I was also interviewed by the lovely Ella, who wanted to feature some of my photography on the poetry site, With Real Toads. In addition, she wrote two beautiful poems to go with my images at her SITE.
Get Healthy Bloghop
Hosted by Stephen Tremp, Alex J. Cavanaugh, Michael Di Gesu, and myself.
The Objective: Share with everyone something you have done that affected your health in a positive way. You can share an awesome low cal low fat tasty recipe. Post simple tips to lose weight. Or a testimony on what has helped like joining Weight Watchers. Recommend a routine like P90X or Insanity. Or stretches one can do while sitting in their office chair working or writing. I'm sure people have countless great tips and ideas they would love to share.
Getting healthy involves a good diet and exercise. But those can’t be extremes you do for a while and then go back to your regular routine. They have to be permanent lifestyle changes.
I’m a motivational speaker, and when I talk to groups about making changes, I tell them the biggest mistake most people make is they try to change everything at once. “I’m going to work out two hours a day, seven days a week! I’m doing the liquid diet for a week and then after that, only salads and water! Carbs are evil and I’m never eating them again!”
How long will that last? A few days? A week - maybe? Not only is it difficult to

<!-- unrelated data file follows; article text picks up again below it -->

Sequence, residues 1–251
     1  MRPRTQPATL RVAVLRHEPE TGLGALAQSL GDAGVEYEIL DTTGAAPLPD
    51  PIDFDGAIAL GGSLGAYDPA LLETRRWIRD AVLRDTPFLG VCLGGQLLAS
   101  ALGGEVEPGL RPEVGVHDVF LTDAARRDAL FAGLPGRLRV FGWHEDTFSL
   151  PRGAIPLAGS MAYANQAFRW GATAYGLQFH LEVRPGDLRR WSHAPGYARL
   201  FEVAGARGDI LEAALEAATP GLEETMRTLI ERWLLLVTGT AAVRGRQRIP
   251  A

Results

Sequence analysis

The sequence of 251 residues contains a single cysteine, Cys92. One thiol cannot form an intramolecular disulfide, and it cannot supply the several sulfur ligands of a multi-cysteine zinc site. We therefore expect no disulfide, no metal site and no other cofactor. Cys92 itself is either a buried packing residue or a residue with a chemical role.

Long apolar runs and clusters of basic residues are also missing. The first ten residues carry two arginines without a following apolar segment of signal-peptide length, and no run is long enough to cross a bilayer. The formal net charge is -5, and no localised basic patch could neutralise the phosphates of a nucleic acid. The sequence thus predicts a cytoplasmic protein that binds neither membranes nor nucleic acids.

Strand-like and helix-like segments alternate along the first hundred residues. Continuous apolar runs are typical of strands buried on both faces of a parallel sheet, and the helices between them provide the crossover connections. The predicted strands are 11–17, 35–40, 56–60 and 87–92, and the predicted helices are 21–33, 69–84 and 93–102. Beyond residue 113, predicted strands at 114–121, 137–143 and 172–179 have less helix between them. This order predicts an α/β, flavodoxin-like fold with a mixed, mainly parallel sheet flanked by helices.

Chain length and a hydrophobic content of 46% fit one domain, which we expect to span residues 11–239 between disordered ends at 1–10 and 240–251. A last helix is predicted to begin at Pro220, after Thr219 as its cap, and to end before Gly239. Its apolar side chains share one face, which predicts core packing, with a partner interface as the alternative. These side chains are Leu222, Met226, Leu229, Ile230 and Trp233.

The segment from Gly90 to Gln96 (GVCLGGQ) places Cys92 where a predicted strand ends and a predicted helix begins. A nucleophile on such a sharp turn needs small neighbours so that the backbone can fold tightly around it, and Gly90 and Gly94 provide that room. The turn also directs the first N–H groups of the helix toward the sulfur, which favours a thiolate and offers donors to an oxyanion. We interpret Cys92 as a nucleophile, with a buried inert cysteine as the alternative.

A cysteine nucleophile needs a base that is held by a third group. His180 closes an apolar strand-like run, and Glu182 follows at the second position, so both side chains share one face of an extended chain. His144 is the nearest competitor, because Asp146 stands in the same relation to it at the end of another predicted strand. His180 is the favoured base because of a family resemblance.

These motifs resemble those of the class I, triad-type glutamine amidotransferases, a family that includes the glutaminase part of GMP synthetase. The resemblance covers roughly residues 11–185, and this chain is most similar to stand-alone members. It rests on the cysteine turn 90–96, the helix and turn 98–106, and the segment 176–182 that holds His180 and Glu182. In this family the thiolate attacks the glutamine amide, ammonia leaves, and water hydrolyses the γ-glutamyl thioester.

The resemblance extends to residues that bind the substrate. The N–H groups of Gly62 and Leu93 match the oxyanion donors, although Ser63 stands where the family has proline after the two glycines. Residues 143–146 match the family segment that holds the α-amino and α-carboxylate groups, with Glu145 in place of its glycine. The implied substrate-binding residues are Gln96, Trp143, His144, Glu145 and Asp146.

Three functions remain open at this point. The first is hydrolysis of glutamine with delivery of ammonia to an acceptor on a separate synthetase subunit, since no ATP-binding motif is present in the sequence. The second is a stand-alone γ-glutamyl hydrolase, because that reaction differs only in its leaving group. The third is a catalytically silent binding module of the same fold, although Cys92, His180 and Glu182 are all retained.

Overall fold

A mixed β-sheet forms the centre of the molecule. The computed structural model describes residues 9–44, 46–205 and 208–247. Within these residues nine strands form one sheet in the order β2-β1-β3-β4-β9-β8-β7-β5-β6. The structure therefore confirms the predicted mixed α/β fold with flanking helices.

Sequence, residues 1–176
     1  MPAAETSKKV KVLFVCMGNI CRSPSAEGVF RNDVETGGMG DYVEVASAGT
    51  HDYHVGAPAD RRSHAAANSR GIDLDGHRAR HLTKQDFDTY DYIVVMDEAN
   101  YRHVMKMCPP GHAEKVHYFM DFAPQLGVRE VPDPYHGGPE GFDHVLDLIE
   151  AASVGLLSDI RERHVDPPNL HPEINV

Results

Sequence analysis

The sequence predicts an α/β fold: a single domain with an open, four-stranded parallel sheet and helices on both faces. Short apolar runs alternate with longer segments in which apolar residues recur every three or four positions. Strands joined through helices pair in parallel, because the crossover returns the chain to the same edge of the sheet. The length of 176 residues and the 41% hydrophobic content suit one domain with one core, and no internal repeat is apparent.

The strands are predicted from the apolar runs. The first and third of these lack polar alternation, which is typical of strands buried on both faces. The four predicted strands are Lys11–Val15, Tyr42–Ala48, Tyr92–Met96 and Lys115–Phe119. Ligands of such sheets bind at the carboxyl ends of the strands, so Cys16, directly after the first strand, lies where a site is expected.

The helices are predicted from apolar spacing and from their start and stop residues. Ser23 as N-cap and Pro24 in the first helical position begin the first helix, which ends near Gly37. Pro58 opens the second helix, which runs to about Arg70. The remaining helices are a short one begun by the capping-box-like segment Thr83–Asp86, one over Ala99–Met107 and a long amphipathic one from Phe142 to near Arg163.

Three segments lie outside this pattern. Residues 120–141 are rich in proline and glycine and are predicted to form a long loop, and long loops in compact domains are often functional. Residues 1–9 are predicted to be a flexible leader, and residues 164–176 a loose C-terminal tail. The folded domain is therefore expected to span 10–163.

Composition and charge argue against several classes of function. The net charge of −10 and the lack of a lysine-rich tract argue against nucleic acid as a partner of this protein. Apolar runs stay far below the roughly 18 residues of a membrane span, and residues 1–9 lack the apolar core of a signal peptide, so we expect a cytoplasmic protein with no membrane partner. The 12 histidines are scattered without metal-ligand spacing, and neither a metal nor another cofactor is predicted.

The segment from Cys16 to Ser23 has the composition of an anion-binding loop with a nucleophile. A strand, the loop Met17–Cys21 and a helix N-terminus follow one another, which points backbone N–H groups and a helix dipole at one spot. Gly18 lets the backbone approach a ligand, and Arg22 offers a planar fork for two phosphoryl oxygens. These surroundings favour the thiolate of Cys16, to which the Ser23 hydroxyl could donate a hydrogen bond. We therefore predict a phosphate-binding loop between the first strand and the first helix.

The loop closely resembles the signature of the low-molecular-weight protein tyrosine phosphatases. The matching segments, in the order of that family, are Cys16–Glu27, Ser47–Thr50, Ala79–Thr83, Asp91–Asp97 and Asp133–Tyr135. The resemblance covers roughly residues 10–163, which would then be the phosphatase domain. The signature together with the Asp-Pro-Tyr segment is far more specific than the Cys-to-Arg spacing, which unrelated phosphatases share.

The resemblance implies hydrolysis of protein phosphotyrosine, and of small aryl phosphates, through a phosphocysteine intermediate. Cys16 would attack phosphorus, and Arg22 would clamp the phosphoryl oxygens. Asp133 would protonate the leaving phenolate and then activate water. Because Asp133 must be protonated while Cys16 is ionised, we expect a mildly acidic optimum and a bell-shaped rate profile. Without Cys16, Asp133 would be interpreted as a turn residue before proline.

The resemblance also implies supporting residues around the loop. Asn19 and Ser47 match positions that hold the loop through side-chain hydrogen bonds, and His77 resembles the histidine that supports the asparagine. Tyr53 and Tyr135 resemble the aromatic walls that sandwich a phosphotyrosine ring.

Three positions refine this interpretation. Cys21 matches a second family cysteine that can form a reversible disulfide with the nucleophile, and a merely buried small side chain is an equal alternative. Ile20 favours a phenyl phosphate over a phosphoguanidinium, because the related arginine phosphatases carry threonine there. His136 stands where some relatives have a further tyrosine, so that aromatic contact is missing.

make such radical changes, it’s hard on your body. Neither your mind nor your body will want to cooperate. (And for the record, carbs are NOT evil. 75% of my diet is carbs and I’m a healthy size 2. The next person that tells me pasta and potatoes are fattening is getting pelted with said food.)
Want to change how you look and feel? (Or not end up with a big butt like Spunky the cat?) Instead of radical changes, try these small ones:
• Cut out one or two sugar drinks a day and replace with sugar-free drinks or water.
• Skip the mayo and go for the mustard.
• Use butter spray on your food instead of butter from a tub.
• Eat more vegetables - broccoli, mushrooms, cucumbers, carrots, radishes, etc. They have almost no calories.
• Eat lower fat crackers. Several brands are not only lower in calories and fat, they have only a couple ingredients and aren’t loaded with additives and preservatives.
• When baking, use applesauce in place of the oil or butter.
• Make eating out a treat rather than a daily occurrence. Most restaurant and fast food meals contain enough calories for three meals and twice your daily fat intake.
• Take a thirty-minute walk shortly after dinner - burns calories and aids digestion.
• Go play a game outside with your spouse and/or kids. (You could probably all use the exercise and fresh air.) Play Frisbee, badminton, catch, basketball, go bike riding, etc.
• Find someone else who wants to get healthy and exercise together, whether it’s running, swimming, biking, hiking, or playing on a team.
Those are just a few suggestions - what else can you think of that would be a small but significant change?
Visit other participants or join us: